My Night With Jennifer S

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First I should explain that the use of the word 'night' is not intended to be strictly binding. Or accurate. I use it as a metaphor to convey a sense of Northernness. Winter is approaching and it's one of those afternoons when the sky closes in and shop lights are shining very brightly, even though it's only quarter to two.

Now that I have got that straight, I can reveal that it was October 5th, a Thursday, in St Anne's Square, Manchester. I was seriously considering, as I gazed at the St Anne's church clock, whether I could make it back to court without having to race across Crown Square. At least, I reflected, I was wearing brown Nike trainers and not loose, black loafers, which are difficult to run in.

It was almost raining. There was a keen wind, the sort that seems at one moment not to exist and then the next, as you turn the corner towards Habitat or reach the crossing before the rake to Piccadilly, it slaps you hard, threatening to divest you of even the most closely guarded, hidden warmth. It's like one those capricious winds described by Count Almasy in The English Patient; the kind that on a bad day seem to contain a screech of laughter. ('What is that noise?/The wind under the door./What is that noise now? What is the wind doing? / Nothing again nothing.')

If I had not been looking so intently at the metal hands on the magnificent 18th century clock tower, I would have been staring at the ground, which I am inclined to do when walking. Once, when pondering the ground, mooching through the sleepy streets of Rye, I passed Paul McCartney, almost shoulder to shoulder. It was only seconds afterwards when Jude said, 'That was Paul McCartney,' that I looked up, turned round excitedly and recognised the back of his head, disappearing down the hill.

On the other hand, I suppose that if I was one of those Romantic types, I would have been gazing at the sky, the clouds formation and their constant scudding (very Wordsworthian); maybe conjuring up a couplet or two and testing their buoyancy by constant repetition

Yet on this day I was where was I? oh yes, clock gazing. So then suddenly, out of the corner of my eye on its downward trajectory, I noticed the colour of a woman's hair as she approached. What a glorious corn-marigold colour it was on this bleak and night-like afternoon! Then I thought, what a striking face she has. I think I am reasonably well brought up (as well as being neurotically self-taught) and I'm sure that my mother always said that it was rude to stare.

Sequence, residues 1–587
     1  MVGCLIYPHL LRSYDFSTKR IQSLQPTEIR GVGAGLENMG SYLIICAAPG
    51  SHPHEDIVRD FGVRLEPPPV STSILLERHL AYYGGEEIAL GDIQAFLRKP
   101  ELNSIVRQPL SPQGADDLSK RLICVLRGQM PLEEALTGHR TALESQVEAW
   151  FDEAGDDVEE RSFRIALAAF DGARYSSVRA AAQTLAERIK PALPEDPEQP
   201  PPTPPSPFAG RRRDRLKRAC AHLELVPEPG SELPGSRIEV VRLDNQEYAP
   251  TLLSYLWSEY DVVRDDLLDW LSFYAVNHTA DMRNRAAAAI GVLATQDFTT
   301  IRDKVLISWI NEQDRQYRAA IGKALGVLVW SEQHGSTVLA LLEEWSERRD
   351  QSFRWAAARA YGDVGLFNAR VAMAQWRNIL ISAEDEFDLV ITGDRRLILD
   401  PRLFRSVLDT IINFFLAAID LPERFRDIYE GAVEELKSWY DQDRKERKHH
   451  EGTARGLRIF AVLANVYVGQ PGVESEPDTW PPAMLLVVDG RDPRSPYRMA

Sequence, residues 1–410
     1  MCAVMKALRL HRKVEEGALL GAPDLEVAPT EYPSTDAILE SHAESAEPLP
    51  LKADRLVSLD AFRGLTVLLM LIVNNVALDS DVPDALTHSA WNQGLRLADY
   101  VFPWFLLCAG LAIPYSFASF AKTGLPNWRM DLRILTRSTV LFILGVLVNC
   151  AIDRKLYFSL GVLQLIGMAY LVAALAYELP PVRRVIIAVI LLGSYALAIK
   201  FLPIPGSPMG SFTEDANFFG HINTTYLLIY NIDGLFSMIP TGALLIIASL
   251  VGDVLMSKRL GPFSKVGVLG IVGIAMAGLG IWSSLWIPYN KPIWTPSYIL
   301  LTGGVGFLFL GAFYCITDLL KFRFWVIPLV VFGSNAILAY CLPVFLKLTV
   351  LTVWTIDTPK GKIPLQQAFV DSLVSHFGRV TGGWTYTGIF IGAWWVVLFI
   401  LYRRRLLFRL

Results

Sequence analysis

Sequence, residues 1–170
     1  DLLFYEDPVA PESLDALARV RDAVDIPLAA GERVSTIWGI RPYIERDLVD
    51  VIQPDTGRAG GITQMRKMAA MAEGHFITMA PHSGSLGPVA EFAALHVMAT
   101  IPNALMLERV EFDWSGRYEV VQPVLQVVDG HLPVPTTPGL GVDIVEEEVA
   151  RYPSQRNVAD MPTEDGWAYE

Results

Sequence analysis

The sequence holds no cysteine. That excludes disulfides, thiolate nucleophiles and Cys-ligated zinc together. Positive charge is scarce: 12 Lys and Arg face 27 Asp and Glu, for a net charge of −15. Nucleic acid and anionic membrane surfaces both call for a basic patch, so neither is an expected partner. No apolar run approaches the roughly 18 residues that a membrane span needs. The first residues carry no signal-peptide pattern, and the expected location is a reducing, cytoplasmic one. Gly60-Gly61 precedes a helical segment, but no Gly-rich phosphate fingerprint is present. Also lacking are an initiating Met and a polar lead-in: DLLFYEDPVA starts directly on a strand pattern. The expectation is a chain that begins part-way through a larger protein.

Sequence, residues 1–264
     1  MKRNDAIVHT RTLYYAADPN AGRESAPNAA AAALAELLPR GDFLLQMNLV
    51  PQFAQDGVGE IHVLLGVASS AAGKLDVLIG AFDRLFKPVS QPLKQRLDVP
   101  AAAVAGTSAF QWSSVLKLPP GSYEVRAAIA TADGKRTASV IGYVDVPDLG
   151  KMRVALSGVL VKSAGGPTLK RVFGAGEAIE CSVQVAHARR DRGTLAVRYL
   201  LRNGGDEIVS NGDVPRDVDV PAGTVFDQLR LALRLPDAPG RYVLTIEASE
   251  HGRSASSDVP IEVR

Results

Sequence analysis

I have never been able to accept that it is wrong to stare at striking women. Rather it seems to me that for such women to whom is due homage, obeisance, what-you-will, there is a positive duty to stare. As it is also probably one's duty, just once, to travel to Egypt and to stand and stare, en plein soleil, into the eyes of the sphinx of Gizeh.

So I stared and in the next second thought, ooh, isn't that Jennifer Saunders? The woman passed me. I stopped and anxiously adjusted my raincoat, which I noticed was lopsided, so that if she happened to stop and glance back at me, I would not appear too dishevelled, too desperate looking. I continued to stare at her ample retreating figure. No skeletal fashion wraith she! She was wearing dark blue jeans, designer jeans probably, with a white label on the rear pocket and above, a fluffy white sweater, the edges of which protruded below her denim jacket. She was accompanied by a taller woman, with shiny black shoulder length hair. They were both carrying glossy carrier bags with tasselled handles.

I suppose that I could have followed her for a few hundred yards. I am sure that if I had rummaged quickly through the lining of my raincoat, I might have come up with a Marks and Spencer receipt or cinema ticket stub. I could have asked her to sign that, adding, with as much self mockery as I could muster as someone once said to Julia Roberts - 'Thanks for being interrupted.' Perhaps she would have replied, in a post-modern, ironic manner, 'Absolutely fabulous, sweetie.'

The reality was that if I lingered any longer I would be late getting back to work. The Magistrates would be waiting. How could I explain to them that I had bumped into Jennifer Saunders during my lunch hour and just couldn't get away? Iconic age or not, epiphany or no epiphany, I had to go. And so, I turned up my collar against the wind and with a little skip, the merest hint of homage to the presence of celebrity, began to run.

Jayne Gill - November 2000

Jennifer Saunders

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